R Ashwin, who was named the ICC Cricketer of the Year and bagged the Sir Garfield Sobers Trophy in the ICC Awards, did not please a certain group of MS Dhoni fans as the off-spinner missed out on acknowledging the limited overs captain in his speech as well as in his tweet.
To make things worse, while acknowledging everyone who helped him become the Player of the year, Ashwin went on to add how the Indian team has undergone a great transition ever since Virat Kohli took over the mantle of the longest format from Dhoni.
“It’s an absolute pleasure to be awarded this great honor. There are a lot of people to thank for this wonderful achievement I have made. It has been a great couple of years but this year has been even more special. What is very noticeable is the way I have bowled and batted and the way I have gone about doing my business. What is more important, as far as I am concerned, is the number of people who have gone behind my success.” said Ashwin in the video uploaded by ICC.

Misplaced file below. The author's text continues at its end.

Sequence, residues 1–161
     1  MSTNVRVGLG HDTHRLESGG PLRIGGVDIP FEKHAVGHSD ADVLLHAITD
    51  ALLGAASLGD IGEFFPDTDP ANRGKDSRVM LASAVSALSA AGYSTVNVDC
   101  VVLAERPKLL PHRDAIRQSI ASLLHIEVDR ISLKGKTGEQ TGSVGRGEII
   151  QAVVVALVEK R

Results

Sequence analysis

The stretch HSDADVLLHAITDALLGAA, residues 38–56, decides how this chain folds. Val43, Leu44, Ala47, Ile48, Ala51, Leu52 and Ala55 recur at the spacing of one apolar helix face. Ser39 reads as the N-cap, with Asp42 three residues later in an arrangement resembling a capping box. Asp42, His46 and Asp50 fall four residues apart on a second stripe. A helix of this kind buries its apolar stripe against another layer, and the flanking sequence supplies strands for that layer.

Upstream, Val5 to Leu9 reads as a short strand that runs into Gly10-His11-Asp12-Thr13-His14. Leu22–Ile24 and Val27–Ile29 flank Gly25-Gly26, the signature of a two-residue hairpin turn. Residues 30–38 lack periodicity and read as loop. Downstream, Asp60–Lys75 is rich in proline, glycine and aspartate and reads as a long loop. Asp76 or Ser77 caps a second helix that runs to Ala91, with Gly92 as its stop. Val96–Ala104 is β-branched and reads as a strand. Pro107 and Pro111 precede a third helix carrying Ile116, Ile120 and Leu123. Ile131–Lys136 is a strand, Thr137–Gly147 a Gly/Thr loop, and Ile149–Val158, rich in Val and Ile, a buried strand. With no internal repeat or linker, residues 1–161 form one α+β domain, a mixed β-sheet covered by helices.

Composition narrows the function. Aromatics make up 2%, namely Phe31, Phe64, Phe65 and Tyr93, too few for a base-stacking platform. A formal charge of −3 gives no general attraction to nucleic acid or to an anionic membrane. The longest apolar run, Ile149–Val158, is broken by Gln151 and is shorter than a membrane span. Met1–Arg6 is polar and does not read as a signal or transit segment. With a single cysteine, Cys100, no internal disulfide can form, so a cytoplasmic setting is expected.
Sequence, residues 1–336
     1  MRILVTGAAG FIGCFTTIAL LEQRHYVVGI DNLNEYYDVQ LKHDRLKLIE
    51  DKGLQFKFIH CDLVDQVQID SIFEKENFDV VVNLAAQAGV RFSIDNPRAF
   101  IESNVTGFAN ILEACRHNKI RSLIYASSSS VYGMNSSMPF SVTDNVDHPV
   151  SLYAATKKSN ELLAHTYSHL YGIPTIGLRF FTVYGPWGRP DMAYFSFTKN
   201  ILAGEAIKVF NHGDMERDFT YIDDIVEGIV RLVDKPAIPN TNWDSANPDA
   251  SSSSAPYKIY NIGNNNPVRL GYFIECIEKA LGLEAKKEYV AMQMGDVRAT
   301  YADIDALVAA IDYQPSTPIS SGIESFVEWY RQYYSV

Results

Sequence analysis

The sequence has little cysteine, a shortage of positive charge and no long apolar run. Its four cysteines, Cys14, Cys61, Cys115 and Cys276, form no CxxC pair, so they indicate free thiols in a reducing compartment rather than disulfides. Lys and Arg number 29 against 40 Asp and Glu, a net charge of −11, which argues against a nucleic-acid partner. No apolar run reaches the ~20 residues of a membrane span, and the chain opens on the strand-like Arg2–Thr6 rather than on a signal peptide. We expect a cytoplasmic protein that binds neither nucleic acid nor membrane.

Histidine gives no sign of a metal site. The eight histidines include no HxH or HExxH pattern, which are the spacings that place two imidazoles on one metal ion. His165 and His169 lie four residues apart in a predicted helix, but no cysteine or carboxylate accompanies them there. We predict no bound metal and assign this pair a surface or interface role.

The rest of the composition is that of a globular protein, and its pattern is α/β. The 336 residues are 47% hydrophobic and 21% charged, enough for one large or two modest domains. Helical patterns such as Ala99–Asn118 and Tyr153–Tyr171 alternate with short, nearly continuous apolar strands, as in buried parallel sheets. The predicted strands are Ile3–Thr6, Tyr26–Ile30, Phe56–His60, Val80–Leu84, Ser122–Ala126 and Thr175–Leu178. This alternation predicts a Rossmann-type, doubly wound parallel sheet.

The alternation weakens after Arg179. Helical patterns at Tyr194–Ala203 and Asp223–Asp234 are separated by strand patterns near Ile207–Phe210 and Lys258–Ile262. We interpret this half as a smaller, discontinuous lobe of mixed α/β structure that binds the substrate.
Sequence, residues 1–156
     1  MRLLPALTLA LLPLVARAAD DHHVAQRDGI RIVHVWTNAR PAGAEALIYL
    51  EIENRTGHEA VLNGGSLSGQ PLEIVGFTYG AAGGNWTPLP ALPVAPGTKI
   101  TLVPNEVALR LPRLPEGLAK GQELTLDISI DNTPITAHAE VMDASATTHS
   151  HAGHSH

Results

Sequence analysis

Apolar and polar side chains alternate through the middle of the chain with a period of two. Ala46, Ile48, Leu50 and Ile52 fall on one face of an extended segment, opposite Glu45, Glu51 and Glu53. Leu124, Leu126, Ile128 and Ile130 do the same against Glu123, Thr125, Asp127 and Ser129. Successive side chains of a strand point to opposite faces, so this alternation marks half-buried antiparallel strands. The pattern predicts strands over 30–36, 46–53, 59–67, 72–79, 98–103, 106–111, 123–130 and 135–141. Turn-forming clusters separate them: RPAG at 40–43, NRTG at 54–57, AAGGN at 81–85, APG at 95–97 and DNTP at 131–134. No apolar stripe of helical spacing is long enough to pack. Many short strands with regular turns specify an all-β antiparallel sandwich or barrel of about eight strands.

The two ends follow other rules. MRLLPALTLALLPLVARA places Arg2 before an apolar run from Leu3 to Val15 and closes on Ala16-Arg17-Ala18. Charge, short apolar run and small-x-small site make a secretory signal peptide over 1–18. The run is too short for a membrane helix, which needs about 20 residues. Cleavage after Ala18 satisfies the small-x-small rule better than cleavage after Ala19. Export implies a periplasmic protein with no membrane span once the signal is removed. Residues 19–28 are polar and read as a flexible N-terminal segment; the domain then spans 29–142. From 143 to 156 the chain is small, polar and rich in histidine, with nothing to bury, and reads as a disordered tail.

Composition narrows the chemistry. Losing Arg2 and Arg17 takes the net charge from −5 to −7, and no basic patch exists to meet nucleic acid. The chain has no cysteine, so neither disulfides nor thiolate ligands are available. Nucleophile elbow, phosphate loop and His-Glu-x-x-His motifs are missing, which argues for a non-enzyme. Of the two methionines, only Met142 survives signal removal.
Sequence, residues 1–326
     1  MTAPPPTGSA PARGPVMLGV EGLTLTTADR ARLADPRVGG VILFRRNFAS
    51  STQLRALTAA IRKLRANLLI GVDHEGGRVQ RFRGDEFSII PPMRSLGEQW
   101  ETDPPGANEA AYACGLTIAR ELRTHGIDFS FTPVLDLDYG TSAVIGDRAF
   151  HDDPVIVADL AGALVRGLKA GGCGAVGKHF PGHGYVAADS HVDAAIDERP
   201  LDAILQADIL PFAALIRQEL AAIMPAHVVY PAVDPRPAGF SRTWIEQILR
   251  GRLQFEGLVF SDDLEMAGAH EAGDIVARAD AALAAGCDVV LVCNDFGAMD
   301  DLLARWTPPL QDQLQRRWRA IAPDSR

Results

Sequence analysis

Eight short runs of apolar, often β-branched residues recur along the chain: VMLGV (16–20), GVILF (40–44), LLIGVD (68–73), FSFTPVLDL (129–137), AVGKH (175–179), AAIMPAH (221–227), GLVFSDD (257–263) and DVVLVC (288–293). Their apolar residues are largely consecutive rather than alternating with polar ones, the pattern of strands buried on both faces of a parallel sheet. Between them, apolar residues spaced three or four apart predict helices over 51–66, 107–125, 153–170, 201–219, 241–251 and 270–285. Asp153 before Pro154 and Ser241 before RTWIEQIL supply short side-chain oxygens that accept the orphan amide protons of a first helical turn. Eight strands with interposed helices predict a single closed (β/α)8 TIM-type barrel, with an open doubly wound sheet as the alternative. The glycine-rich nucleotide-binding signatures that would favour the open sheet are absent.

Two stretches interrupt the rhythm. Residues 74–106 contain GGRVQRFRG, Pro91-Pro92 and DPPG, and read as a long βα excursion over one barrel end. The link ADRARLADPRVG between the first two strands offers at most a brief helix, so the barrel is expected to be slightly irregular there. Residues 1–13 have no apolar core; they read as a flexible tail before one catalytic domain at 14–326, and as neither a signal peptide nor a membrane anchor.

“I would like to thank my family and dedicate the award to them. I’d like to thank ICC and most importantly my teammates. I’d also like to thank the support staff for our success. We’ve had a great transition ever since MS Dhoni hung up his boots year in Australia. A young captain has taken over, we fell on the right track, and we now have a new bunch of boys.”
Later, Ashwin took to Twitter to thank all those who contributed to his success.
In the series of tweets, the offie thanked Prithi Narayanan (his wife), Shankar Basu (fitness trainer), Anil Kumble, Virat Kohli and his family. The 30-year old cricketer also thanked fielding coach R Sridhar and Bharath Arun.
However, Ashwin missed out on acknowledging the limited-overs captain, who is credited by many for grooming him into the bowler that he is today. This drew criticism from many on social media.
Ashwin was in great form in Test cricket with both the ball and bat, picking up 72 wickets in 12 Tests, at an average of 23.90 that also includes 8 five-wicket hauls and scoring over 500 runs, which includes two centuries.